Death row bill: Florida bill to cut costs, time in death row appeals moves to Gov. Rick Scott for OK

TALLAHASSEE — Sen. Joe Negron's plan to cut down costly, lengthy appeals by death row inmates only needs the governor's signature to become law.

The Senate on Monday cleared HB 7083, dubbed the "Timely Justice Act," in a 28-10 vote. The Stuart Republican's proposal adjusts a variety of rules to limit appeals on death row cases. The changes deal with inmates who have already lost an automatic appeal with the Florida Supreme Court.

As evidence, Negron has credited a Scripps Treasure Coast Newspapers investigation that found post-conviction appeals can cost about $1 million per condemned inmate. Those inmates stay on death row for 14 years on average before an execution, Scripps found.

The House passed the bill last week by a 84-34 margin, and it's headed to Gov. Rick Scott's desk next.

"It has no provisions taking away anyone's right to bring a claim of innocence at any time at all," Negron said. "But it does streamline the procedures while protecting due process for all."

Some Democrats opposed the bill, saying that inmates deserve to exhaust all their options before receiving the ultimate punishment. Florida also has exonerated 24 inmates on death row, the most in the country, according to the nonprofit Death Penalty Information Center.

"I don't see the reason for the swiftness, especially with DNA evidence today that can exonerate persons who have been convicted and were waiting on death row from years ago," said Sen. Maria Sachs, D-Delray Beach.

Scott hasn't indicated if he'll sign the bill. But he got a look at how the process can stretch out before he signed David Alan Gore's death warrant in February 2012.

Gore, a Vero Beach serial killer who finally was executed April 12 last year, spent 28 years on death row. Gore was convicted of killing six women, including the 1983 murder of 17-year-old Lynn Elliott from Vero Beach. Gov. Robert Martinez had signed death warrants for Gore in 1987 and 1988.

It cost taxpayers an estimated $664,300 to house Gore during decades of appeals.

Gore's appellate challenges, which included 10 court hearings and a second sentencing procedure in 1992, added another $210,000 bill for taxpayers.

As of March 3, there were 404 people on death row in Florida, more than any state except California. There are 155 death row inmates who have been in custody for more than 20 years, and ten have been there more than 35 years, a House bill analysis states.

From 1976 to 2012, Florida executed 74 people. There were 492 executions in Texas, 109 in Virginia, and 102 in Oklahoma over the same time frame. Florida executed two death row inmates in 2011 and three in 2012.

Negron's bill would set standards for determining lawyers' conflicts of interest; bar appeals and sets limits on court time extensions in certain circumstances; spell out that the governor has to sign death warrants within six months of the end of the executive clemency process; and re-establish the Capital Collateral Regional Counsel office in North Florida, where currently private attorneys are court-appointed to represent death row inmates.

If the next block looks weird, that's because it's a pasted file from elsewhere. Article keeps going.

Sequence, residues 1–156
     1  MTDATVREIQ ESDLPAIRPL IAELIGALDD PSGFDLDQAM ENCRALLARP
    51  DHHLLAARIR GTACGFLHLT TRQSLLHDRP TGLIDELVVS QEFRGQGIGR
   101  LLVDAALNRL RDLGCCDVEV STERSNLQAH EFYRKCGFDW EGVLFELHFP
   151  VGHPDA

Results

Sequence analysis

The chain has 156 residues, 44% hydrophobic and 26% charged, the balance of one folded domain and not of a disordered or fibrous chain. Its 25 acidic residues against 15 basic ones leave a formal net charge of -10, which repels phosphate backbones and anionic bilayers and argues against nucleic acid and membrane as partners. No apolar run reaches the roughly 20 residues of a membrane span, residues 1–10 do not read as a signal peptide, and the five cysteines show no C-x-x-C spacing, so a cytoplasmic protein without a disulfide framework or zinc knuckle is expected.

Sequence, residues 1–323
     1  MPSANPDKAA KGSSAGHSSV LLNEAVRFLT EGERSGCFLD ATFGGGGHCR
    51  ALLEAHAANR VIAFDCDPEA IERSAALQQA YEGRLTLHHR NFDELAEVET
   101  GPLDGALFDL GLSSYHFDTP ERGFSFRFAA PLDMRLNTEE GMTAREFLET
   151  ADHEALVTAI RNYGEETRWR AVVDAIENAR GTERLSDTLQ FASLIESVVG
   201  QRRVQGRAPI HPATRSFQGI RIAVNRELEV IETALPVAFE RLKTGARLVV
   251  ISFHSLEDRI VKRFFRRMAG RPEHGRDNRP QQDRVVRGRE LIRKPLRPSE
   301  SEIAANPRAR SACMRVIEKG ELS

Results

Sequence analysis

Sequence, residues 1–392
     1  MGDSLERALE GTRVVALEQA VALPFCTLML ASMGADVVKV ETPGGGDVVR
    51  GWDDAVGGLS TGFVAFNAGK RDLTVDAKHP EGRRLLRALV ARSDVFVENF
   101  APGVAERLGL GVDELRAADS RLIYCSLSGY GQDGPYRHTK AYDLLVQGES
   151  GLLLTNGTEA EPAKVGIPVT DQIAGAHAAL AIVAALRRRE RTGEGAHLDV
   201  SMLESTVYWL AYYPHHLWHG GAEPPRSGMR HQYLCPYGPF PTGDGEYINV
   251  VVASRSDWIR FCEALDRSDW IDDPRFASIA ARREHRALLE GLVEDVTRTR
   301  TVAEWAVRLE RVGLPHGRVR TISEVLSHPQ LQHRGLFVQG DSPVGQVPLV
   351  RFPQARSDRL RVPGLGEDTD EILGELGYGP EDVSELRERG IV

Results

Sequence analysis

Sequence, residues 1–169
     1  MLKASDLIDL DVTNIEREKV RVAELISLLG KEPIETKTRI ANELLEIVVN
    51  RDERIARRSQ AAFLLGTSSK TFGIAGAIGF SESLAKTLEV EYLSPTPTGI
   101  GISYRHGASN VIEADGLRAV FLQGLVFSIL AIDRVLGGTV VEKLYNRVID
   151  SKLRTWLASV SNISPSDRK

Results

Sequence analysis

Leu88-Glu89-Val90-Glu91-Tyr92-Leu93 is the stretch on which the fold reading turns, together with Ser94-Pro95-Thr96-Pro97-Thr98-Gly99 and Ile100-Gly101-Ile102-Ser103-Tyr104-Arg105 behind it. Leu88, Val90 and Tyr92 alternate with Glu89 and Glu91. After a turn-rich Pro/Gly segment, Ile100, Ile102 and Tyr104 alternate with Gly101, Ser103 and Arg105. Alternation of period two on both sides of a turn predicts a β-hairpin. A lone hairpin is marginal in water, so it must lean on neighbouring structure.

Negron said he worked with the Florida Supreme Court on his bill, so there will be no constitutionality issues. There also is $50,000 set aside in the budget to create a website that tracks all the death row cases.

Rep. Larry Lee Jr., D-Port St. Lucie, was the only Treasure Coast lawmaker to oppose the bill. Sen. Thad Altman, R-Rockledge, did not vote on the measure.

About the investigation

--Scripps Treasure Coast Newspapers in October published a series of stories based on a three-month investigation that reviewed the appeals and case files of death row prisoners convicted of murder in Martin, St. Lucie, Indian River and Okeechobee counties.

--The reports look into why it takes dozens of years for some inmates to complete their appeals and be executed, and how much it costs taxpayers.

--In October, Sen. Joe Negron, R-Stuart, said lawmakers for years have sought to tighten death penalty appeals to move cases faster and reduce costs to taxpayers.

--A bill he's proposed, the Timely Justice Act, cites Scripps research that shows the time it takes to present a capital case on appeal in state and federal court is a major factor in determining how long it takes for an inmate to progress through the judicial system.

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Special Needs Students

The Florida Senate has passed a bill that would give parents a greater say in shaping the education plans for their special-needs children.

The measure (SB 1108) cleared the Senate on a 39-0 vote Monday. Similar legislation is being considered in the House with time winding down in the 60-day session, which ends Friday.

The Senate-passed bill gives parents a greater say in shaping the curriculum and individual education plan for their special-needs children.

Sen. Andy Gardiner, R-Orlando, says that increasing the options for the parents will give the students a better chance to succeed. Gardiner is the bill's lead sponsor along